The final name that merits comment is KMR, on which I published an extended quick idea analysis in November. Against the backdrop of very bullish sentiment towards commodities coming into 2022 and the prospect of a multi-year commodities supercycle, KMR is an overlooked and somewhat unique situation.
KMR is a mineral sand miner and the world’s largest producer of ilmenite, a titanium feedstock, and the fourth largest producer of titanium feedstocks overall. Titanium feedstocks are used in the manufacture of titanium dioxide (TiO2) pigment, which in turn is used in everything from paints, plastics, paper and ceramic tiles, to cosmetics, food additives and titanium metal. There is no economic or environmentally safe substitute to TiO2 and therefore KMR’s commodities are essential to industry and the modern economy. It’s key asset is the Moma mine in Mozambique, which is a world class mineral sand asset, and KMR now accounts for ~10% of the global supply of titanium feedstocks following a production capacity expansion completed in H1 2021.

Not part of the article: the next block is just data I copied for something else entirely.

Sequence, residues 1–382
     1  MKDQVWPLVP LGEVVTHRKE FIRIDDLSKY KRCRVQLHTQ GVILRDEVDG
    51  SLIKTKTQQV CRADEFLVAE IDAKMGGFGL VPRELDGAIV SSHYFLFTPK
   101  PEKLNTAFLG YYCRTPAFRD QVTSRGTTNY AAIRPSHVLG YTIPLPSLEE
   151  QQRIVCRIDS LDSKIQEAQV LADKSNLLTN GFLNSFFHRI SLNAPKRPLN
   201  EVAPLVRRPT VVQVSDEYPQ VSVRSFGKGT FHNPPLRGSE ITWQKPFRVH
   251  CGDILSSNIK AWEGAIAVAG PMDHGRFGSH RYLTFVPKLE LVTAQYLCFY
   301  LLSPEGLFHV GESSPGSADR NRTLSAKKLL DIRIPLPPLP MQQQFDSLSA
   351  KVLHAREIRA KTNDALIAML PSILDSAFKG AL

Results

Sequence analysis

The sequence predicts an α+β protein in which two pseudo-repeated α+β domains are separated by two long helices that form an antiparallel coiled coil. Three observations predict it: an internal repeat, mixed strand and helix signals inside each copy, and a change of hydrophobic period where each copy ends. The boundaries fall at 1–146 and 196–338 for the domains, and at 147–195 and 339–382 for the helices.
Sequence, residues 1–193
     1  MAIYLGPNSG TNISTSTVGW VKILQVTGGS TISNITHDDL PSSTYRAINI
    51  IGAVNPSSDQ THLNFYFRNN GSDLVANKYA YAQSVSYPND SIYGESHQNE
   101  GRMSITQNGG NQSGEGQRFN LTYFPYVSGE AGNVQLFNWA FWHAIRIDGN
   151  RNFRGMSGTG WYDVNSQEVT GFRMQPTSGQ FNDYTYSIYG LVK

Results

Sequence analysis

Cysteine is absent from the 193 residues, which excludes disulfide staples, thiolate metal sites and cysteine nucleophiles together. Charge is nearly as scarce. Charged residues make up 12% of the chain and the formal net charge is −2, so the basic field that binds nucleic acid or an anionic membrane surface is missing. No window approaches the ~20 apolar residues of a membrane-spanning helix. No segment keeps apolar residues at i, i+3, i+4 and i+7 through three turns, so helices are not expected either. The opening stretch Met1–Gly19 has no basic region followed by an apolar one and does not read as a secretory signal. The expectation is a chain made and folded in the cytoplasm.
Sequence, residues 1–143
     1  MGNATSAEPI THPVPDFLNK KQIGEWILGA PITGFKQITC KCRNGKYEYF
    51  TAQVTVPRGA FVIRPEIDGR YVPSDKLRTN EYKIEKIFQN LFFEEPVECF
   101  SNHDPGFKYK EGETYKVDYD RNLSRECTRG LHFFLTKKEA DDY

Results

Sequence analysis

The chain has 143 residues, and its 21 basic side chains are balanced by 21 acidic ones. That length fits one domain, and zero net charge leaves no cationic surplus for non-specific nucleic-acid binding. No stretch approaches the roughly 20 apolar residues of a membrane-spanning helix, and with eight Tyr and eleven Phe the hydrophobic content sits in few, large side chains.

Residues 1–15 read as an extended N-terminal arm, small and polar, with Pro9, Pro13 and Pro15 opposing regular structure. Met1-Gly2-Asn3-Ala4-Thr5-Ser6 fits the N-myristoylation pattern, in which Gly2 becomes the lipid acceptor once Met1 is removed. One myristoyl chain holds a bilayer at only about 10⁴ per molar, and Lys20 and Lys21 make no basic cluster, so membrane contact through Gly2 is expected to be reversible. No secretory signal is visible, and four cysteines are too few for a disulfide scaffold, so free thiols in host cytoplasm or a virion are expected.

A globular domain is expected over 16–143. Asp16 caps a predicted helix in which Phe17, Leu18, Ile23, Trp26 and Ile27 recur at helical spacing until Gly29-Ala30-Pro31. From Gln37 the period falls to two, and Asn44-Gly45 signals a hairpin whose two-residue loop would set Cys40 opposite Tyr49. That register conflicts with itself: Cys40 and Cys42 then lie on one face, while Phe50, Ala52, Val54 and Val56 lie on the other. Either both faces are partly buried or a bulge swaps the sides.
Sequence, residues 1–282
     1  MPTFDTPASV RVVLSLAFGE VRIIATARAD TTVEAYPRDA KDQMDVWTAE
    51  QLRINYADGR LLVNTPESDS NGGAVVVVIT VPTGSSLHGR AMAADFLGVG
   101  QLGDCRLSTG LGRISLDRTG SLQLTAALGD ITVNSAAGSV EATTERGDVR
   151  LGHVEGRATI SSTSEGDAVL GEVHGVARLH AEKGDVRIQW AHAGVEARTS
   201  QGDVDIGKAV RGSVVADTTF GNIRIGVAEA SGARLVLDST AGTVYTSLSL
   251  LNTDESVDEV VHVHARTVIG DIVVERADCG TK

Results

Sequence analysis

After several years of significant capex, lumpy earnings and operating under a leveraged balance sheet, KMR is now at an inflection point in terms of both its earnings power and its balance sheet following the capacity expansion - EBITDA is projected to more than double vs. 2020 levels and the company will transition to a net cash position by early 2022 thanks to this earnings inflection and resultant cash conversion.